Industry standards indicate that micro-inverters are far more reliable than their string counterparts.

Additionally, the warranties on micro-inverters stretch to over 20 years. Conversely, a string inverter may only enjoy protection for half of that period.

One of the significant advantages of a micro-inverter system is that of dependability. In saying that, inverters of either type are the weakest part of a system and are most likely to fail. 

So when a string inverter system fails, that is the end of your solar-induced power. This is not the case with micro-inverters. If one micro-inverter should fail in your 5kW system it would represent a reduction of just less than 6% in the total output.

In all honesty, you may not even notice the reduction in power until you receive the notification from your system. Proponents of micro-inverters refer to this quality as ‘no single point of failure.’ 

Micro-inverter system diagram.
Credit: PV Magazine


Another critical factor to consider is that of cabling.

For example, the direct current wiring of string inverters means that they are connected in series. Therefore, depending on the power output of the panels and the number of panels in the string, the total voltage may exceed the tolerances permitted by local authorities.

Take the example of a series of 12 panels, each producing 30 volts of DC.

The total voltage would exceed 300 volts. In order to get the total voltage, you add the voltage of each panel.

Now with micro-inverters, the circuit is connected in parallel. Because the micro-inverter converts the DC voltage of the solar panel to AC voltage at the panel, the result is a much better, controlled power supply.

In the latter case, the size of the wiring is much reduced, and there is no need to utilize a heavy-duty conduit. Having a lower voltage on the roof is an important safety feature.

Installing a micro-inverter system allows you to easily upgrade or extend your system, whereas a string inverter system does not. It’s not that it isn’t possible with a string system, the possibilities are just somewhat limited.


As systems increase in size, the cost difference between the micro-inverter system and the string inverter system tends to favor the latter, and systems above 6kW tend to rely on string inverters primarily because of cost.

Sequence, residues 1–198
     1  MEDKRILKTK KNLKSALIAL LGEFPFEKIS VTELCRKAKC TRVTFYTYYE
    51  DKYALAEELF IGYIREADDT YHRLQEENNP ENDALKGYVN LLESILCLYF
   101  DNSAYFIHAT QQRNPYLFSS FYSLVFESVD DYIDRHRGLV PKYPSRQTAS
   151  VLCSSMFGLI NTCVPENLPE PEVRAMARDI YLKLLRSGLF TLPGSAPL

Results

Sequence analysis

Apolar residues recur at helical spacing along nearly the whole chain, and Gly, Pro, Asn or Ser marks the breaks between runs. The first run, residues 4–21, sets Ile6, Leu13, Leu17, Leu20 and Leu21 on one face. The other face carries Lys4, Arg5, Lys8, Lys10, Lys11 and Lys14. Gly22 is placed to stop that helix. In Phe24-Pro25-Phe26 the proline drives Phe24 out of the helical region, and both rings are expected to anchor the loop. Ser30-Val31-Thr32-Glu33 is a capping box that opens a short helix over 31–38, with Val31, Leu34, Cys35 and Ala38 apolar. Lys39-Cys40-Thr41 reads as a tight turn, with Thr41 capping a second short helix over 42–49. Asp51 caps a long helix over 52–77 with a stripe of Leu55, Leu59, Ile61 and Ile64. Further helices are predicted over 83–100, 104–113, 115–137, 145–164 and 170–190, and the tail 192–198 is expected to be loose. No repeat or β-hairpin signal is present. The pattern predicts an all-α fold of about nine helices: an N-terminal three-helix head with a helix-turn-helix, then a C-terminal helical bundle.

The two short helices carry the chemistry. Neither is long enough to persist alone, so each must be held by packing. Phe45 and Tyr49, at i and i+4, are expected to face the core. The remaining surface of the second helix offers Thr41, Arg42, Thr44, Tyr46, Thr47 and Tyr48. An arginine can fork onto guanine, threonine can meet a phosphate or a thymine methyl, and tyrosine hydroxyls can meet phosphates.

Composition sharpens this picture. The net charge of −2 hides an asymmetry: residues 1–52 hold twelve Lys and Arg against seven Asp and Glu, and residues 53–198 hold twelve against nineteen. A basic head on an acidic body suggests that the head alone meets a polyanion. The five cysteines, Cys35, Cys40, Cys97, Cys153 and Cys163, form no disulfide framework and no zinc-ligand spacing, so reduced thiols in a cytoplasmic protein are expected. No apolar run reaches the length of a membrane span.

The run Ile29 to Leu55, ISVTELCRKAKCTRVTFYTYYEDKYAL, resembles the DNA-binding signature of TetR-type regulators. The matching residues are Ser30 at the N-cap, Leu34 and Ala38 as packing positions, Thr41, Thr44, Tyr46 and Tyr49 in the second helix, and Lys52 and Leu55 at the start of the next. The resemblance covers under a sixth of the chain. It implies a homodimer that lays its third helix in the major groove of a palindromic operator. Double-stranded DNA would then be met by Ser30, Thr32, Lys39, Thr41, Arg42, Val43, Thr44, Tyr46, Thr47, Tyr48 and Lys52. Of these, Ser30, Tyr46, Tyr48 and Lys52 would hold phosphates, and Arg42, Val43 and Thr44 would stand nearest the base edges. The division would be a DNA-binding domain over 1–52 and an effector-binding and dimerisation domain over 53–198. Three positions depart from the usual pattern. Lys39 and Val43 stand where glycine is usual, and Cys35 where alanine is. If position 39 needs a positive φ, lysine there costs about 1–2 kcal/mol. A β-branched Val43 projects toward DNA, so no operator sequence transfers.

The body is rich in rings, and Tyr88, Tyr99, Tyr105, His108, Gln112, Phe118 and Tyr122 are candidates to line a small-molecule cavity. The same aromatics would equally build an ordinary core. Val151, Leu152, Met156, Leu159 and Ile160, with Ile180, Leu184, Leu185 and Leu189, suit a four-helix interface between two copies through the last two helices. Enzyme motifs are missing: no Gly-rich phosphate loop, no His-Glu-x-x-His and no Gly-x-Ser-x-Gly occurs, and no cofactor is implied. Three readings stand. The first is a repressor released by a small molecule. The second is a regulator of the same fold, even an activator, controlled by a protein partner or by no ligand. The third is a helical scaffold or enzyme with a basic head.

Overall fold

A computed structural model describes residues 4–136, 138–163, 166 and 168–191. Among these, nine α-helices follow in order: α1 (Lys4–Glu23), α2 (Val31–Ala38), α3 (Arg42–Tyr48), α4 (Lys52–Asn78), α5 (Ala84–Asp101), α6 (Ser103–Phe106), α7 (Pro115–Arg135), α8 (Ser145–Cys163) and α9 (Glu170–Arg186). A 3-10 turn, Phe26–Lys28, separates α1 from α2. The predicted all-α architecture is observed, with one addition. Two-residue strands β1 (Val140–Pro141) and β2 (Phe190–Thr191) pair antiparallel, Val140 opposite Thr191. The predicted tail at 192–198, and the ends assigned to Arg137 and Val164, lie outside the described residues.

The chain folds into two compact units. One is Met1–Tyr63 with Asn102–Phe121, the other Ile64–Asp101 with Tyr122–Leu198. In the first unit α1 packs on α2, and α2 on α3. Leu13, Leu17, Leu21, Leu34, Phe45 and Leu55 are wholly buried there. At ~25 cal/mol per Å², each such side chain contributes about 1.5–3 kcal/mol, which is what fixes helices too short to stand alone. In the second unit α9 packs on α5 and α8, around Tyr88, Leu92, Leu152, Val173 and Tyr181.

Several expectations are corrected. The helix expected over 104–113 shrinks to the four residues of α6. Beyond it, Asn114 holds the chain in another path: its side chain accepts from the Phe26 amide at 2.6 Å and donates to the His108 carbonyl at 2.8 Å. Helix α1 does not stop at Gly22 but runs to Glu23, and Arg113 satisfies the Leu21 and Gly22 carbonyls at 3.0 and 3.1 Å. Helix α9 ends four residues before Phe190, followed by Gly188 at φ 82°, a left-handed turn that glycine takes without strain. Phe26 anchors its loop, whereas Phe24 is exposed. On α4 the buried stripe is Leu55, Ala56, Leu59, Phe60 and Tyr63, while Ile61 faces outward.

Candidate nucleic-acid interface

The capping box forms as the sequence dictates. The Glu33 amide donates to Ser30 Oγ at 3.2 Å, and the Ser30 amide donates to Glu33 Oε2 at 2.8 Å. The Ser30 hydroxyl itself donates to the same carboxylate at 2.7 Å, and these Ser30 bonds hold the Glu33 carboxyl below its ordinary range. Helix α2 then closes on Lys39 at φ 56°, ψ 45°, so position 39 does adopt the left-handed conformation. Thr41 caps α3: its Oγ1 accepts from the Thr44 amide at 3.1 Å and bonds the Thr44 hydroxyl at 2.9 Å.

In short, while micro-inverters do come at a higher price than their string inverter cousins, their dependability and versatility make them worth it.

How Long Do Micro Inverters Last?

The short answer is, more than 20 years, but that doesn’t tell the whole story. Like many issues where the annoying answer is, ‘it depends.’ so to the lifespan of our micro-inverter.

So what factors influence the longevity of the micro-inverter? 

For those of you living on the coast, you may be all too aware of the corrosive power of the sea air. Unfortunately, micro-inverters also succumb to the sea air.

Careful maintenance and regular cleaning will go some way to delay the inevitable but resign yourself to the fact that one day you will need to replace the inverters.

Other factors that may have a positive impact on the life cycle of the micro-inverter are the protection of the unit from excessive heat and direct sunlight.

As in most things, the quality and longevity of the micro-inverter are directly proportional.

Final Thoughts

The design and productivity of micro-inverters have improved dramatically in recent years, along with their reliability.

For typical households, a 5 – 6 kW solar system will provide sufficient energy.

While a string inverter will be less costly other factors such as shading or roof space and roof orientation may indicate that micro-inverters would be the better alternative.

If we had the choice, we would tend to favor the micro-inverter option as it can deal with irregularities in individual solar panels and, more importantly, allow for the easy extension of the entire system in the future.

Kyle Browning
Kyle Browning

Kyle is a researcher and content specialist at Climatebiz. He has a strong interest in green technology, particularly in photovoltaic systems. Kyle believes in a future where everyone has affordable access to renewable energy, regardless of their race, religion, or social status. This ideology led Kyle to found Climatebiz - with the goal to provide free information for anyone, anytime. You can follow Kyle on Twitter at @kylebrwng